Santa Maria Style Barbecue: A Taste of California's Central Coast Tradition

As the meat cooks on the grill, pay careful attention to the smoke. This is where the red oak fire really shines and imparts its unique, smoky notes into the beef. Managing the heat levels is crucial—too high, and the meat may become charred or dried out. On the Santa Maria-style grill, you can easily adjust the height of the grates above the coals to maintain an optimal temperature and ensure even cooking.

In summary, the art of grilling Santa Maria style barbecue requires mastering a few critical elements: choosing the right grill, using red oak coals for an authentic flavor, selecting high-quality beef cuts, seasoning the meat appropriately, and carefully managing the red oak fire to impart a delicious smoky taste. Once these elements are perfected, you'll be well on your way to becoming the ultimate Santa Maria style grill master.

Pinquito Beans and Salsa

Santa Maria style barbecue is known for its delicious tri-tip and delightful side dishes. One of these sides is the famous Pinquito Beans, which are essential in completing this tasty meal. Pinquito beans are small, pink beans that natively grow on the Central Coast. These beans are often slow-cooked with bacon, ham, spices, and tomato puree, giving them a rich and hearty flavor profile.

Preparing pinquito beans involves rinsing them, removing any stones, and soaking them overnight. This process helps in softening the beans and enhancing their flavor when cooked with other ingredients like diced bacon, ham, garlic, tomato puree, and red chile sauce. To bring out their smoky taste, these beans may also be seasoned with ancho chili powder, and either Anaheim or Pasilla chili peppers.

Another must-have side dish in Santa Maria style barbecue is the tangy Santa Maria style salsa. This salsa perfectly complements the scrumptious pinquito beans and smoky tri-tip, adding marvelous flavors to each bite. To make this salsa, fresh ingredients like tomatoes, onions, cilantro, garlic, and jalapeño peppers are combined with vinegar, salt, and pepper to create a chunky and appetizing mixture. Sometimes, lemon juice is also added for an extra tangy flavor.

Some variations of Santa Maria style salsa may incorporate additional ingredients like bell peppers, green onions, or even pineapple, for a twist on the classic recipe. Regardless of the specific ingredients used, this salsa contributes a vibrant and refreshing taste to the overall Santa Maria style barbecue experience.

In conclusion, Pinquito Beans and tangy Santa Maria style salsa are essential elements of a Santa Maria style barbecue. These sides wonderfully complement the smoky and tender tri-tip, creating a memorable dining experience bursting with flavor. By including these dishes in your barbecue, you can enjoy an authentic taste of Central Coast cuisine.

Santa Maria Style Seasoning

Santa Maria style seasoning is a key component in the traditional Santa Maria style barbecue. It is a simple yet flavorful blend of spices, which brings out a unique taste in the grilled meats. The main ingredients in this seasoning blend are salt, black pepper, and garlic powder or garlic salt.

The simplicity of Santa Maria style seasoning allows the flavors of the barbecued meat to shine. This seasoning is typically used to marinate tri-tip, a cut of beef that is particularly popular in Santa Maria style barbecue. Given its versatility, the seasoning can also be used on other cuts of meat, such as chicken or pork.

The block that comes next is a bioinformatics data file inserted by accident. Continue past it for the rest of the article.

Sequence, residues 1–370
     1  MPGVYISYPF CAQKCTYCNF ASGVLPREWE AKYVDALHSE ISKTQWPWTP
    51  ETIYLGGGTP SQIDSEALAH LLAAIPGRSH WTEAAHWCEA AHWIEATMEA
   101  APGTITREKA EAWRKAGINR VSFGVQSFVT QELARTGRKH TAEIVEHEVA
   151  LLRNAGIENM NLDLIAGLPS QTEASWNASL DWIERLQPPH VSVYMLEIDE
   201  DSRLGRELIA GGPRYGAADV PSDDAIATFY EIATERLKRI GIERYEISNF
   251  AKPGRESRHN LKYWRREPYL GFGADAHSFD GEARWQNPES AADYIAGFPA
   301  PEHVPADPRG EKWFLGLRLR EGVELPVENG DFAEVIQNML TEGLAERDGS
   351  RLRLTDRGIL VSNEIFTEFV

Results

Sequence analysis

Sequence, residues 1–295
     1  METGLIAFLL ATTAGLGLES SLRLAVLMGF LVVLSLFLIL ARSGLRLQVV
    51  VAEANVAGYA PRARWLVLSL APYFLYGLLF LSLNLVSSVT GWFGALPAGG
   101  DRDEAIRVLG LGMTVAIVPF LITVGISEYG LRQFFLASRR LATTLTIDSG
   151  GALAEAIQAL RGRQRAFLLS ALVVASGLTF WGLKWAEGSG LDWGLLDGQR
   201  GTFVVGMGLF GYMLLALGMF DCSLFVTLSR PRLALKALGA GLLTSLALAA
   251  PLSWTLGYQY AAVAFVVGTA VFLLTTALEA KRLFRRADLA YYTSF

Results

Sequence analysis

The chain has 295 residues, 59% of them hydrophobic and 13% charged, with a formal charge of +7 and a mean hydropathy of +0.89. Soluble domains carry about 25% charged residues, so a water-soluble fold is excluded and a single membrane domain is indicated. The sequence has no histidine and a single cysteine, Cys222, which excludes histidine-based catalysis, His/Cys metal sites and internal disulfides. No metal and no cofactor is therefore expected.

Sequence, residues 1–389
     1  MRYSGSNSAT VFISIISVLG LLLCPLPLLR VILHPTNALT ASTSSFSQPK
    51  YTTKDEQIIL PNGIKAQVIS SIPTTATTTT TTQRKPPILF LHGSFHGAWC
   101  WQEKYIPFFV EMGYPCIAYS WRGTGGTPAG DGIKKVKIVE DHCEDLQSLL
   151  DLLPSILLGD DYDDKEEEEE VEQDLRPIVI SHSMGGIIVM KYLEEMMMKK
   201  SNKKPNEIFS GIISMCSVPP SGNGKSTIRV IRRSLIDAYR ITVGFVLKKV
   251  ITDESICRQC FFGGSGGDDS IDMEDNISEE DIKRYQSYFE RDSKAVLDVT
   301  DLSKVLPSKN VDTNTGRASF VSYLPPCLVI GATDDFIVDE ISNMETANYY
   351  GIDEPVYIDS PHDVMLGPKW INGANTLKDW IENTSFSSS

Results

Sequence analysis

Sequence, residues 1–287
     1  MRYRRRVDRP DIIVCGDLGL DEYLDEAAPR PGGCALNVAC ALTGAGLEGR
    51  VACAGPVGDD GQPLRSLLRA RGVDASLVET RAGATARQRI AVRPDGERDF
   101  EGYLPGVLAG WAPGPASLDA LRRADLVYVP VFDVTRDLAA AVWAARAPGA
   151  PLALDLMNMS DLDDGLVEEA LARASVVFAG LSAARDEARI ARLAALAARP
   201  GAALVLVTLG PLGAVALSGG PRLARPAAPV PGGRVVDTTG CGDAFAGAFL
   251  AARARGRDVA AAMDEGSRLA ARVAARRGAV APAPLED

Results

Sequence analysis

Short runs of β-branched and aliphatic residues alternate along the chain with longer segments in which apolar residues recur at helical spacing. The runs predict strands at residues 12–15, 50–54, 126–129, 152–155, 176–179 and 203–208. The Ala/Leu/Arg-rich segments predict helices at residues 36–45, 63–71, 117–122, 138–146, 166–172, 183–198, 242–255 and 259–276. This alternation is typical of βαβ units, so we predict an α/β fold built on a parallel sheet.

To make Santa Maria style seasoning at home, you can easily mix together equal parts of salt, black pepper, and garlic powder or garlic salt. You can even add a pinch of sugar if you prefer a slightly sweeter flavor profile. Be sure to store the mixture in an airtight container, and keep it in a cool, dry, and dark place for up to three months.

When preparing the meat for grilling, generously coat all sides of the meat with the seasoning blend, ensuring an even distribution of flavors. The salt in the seasoning not only adds flavor, but it also aids in tenderizing the meat during the cooking process.

In conclusion, Santa Maria style seasoning is an essential element in the classic Santa Maria style barbecue experience. With its simple yet delicious combination of salt, black pepper, and garlic powder or garlic salt, this seasoning elevates the taste of any grilled meat, making it a must-have addition to your next barbecue.

Bread and Salads

Santa Maria style barbecue is famous for its delicious side dishes that perfectly complement the main course. One of the most iconic sides is the buttery garlic bread. To make this mouthwatering accompaniment, chefs typically grill French bread and dip it in a sweet, melted butter mixture, adding an irresistible texture and flavor source.

In addition to the delectable garlic bread, Santa Maria style barbecue often includes a simple green salad. This salad, typically made with fresh, crisp greens, adds a refreshing element to the rich and savory barbecue dishes. The dressing for the salad is usually kept light, perhaps a simple vinaigrette, to maintain the focus on the barbecue flavors source.

Santa Maria Style Barbecue: A Taste of California's Central Coast Tradition

These bread and salad side dishes are indispensable to the Santa Maria style barbecue experience. The buttery garlic bread adds a delightful crunch, while the simple green salad offers a palate-cleansing freshness. Both sides contribute their unique aspects, enhancing and elevating the flavors of the entire meal. By including these key components, you can create an authentic and unforgettable Santa Maria style barbecue event that will leave everyone craving for more.

Santa Maria Style Barbecue in Popular Culture

Santa Maria Style Barbecue has made a significant impact on popular culture over the years. This regional culinary delight from the Santa Maria Valley has garnered fans from both the Central Coast and beyond.